19. Thinking the Very Idea of a Baby Gap Is Depressing
Was Nora Ephron an anti-capitalist before it was cool?

20. The fact that Christmas decorations in shop windows are amazing
I don’t care about the commercialization of Christmas. I will buy ANYTHING from a place strung with twinkle lights. Look at Kathleen decorating her store and tell me it doesn’t give you the warm fuzzies.

YGM twinkle lights

  1. Singing Holiday Songs

By far one of my favorite scenes of this movie is a totally random scene where Kathleen, Frank, George, and the other bookstore employees stand around a piano and do a TERRIBLE job of singing “The Instrument Song.” Something about the way Kathleen laughs at Frank’s terrible singing and everyone is kind of trying to sing well but also doesn’t really care is so homey and nice and heartwarming. (It doesn’t hurt that this is preceded by an equally true-to-life depiction of a rich WASPY holiday, in which everyone is forced to sit on the couch in a fancy living room while the dolled-up youngest girl sings “Tomorrow.”)

  1. It’s hilarious when grownups IM.

“I had a gut feeling you would be on line now,” types Joe Fox, complete with the space between “on” and “line.” And then they keep referring to “The Godfather” fully title-cased and enclosed in quotations! How much does that remind you of IMing with your dad?

  1. It is also hilarious when they email.

Joe sends an email with the subject line, “In case you were wondering, I’m not perfect.” Later, Kathleen’s subject line is “On Being Stood Up.” How precious is that? (And yes, I do realize that at 31, I’m probably not much younger than these two are supposed to be.)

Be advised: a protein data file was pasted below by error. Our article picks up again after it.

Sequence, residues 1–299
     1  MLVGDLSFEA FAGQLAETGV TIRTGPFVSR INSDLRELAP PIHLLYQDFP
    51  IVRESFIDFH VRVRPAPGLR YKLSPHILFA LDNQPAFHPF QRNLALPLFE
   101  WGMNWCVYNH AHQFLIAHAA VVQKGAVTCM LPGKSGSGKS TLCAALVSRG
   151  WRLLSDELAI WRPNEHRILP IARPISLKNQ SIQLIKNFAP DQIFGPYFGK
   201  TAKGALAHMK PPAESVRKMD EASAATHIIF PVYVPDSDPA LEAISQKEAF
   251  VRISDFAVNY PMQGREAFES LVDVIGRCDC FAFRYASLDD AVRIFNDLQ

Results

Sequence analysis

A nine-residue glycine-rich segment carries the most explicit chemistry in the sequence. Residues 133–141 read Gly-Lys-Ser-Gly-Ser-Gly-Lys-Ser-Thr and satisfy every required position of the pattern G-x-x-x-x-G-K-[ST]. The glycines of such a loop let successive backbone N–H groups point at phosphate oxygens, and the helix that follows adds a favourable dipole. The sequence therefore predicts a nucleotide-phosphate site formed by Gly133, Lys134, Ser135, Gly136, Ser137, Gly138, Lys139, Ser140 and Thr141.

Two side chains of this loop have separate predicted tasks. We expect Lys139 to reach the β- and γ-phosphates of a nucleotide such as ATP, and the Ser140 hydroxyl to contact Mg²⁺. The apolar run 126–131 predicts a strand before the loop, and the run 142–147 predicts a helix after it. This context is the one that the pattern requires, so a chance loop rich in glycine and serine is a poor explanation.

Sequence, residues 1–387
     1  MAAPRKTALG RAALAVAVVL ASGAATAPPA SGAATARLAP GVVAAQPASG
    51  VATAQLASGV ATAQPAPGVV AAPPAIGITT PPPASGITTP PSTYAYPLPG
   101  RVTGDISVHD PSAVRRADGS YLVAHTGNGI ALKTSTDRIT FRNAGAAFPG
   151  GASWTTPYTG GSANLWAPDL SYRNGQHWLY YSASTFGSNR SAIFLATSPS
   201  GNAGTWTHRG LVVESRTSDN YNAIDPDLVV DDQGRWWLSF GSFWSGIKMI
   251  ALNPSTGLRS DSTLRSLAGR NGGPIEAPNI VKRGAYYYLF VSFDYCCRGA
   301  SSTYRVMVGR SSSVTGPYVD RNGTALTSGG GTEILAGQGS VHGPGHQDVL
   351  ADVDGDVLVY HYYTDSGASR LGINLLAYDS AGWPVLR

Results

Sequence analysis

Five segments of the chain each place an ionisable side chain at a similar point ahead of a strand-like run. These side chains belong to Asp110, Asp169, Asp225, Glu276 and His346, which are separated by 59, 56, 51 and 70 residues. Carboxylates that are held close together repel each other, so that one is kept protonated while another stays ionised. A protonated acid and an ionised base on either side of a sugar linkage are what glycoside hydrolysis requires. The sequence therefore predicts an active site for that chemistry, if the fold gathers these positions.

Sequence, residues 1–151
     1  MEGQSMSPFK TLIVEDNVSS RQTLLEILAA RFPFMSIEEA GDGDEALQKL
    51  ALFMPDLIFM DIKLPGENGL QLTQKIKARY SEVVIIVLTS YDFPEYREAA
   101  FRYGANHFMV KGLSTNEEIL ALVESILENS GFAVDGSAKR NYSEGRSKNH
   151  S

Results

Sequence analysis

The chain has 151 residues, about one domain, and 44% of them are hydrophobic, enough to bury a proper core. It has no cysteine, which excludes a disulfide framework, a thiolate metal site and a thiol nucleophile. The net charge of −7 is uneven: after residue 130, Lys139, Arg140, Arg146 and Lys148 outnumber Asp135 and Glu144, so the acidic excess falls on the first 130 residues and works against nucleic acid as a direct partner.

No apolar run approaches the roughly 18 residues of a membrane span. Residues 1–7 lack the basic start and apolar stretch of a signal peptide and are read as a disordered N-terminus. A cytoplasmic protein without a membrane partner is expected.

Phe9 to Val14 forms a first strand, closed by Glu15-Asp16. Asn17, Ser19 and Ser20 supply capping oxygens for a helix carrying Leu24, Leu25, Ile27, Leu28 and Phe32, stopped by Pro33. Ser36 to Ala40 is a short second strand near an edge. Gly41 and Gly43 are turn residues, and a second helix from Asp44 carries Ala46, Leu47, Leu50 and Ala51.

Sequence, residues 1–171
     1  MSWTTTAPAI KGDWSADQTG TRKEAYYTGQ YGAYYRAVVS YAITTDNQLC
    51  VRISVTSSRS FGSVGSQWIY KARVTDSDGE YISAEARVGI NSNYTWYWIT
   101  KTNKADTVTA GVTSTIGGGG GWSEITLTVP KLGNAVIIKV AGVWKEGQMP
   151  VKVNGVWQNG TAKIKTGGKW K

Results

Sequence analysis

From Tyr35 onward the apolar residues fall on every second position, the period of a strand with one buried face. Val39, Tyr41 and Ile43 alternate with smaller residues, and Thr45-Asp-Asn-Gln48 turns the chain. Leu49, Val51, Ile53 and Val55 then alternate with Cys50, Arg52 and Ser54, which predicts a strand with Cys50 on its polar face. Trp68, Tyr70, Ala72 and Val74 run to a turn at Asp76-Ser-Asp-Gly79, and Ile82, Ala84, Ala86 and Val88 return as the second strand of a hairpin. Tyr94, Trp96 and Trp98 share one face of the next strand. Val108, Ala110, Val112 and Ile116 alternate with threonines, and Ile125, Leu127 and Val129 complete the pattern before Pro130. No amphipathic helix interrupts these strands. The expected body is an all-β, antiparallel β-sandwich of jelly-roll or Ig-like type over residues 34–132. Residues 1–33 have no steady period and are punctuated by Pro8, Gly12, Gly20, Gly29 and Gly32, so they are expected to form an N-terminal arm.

1. Running into your arch-nemesis all over New York

At first, I thought it was unrealistic that Kathleen and Joe run into each other as often as they do, even living in the same neighborhood. But then when I tried to remember times I randomly ran into people in New York, it was always the people I least wanted to see.

  1. Danny from the Mindy Project!

He looks dorkily cute here, but he aged VERY well.

Screen Shot 2018-12-18 at 1.37.15 AM

  1. That Last Scene

When Joe Fox puts his hand on Kathleen’s shoulder and says, “If I hadn’t been Fox Books, and you hadn’t been the Shop Around the Corner. And you and I had just met. I would have asked for your number. And I wouldn’t have been able ot wait twenty-four hours before calling you up and saying, oh, how about coffee, or drinks, or dinner, or a movie… for as long as we both shall live?” GUH. IT IS THE BEST.

Kathleen (facing camera, in a sweater suit) and Joe (facing away) stand on a street covered in spring greenery; he has his hand on his shoulder, and she looks sad.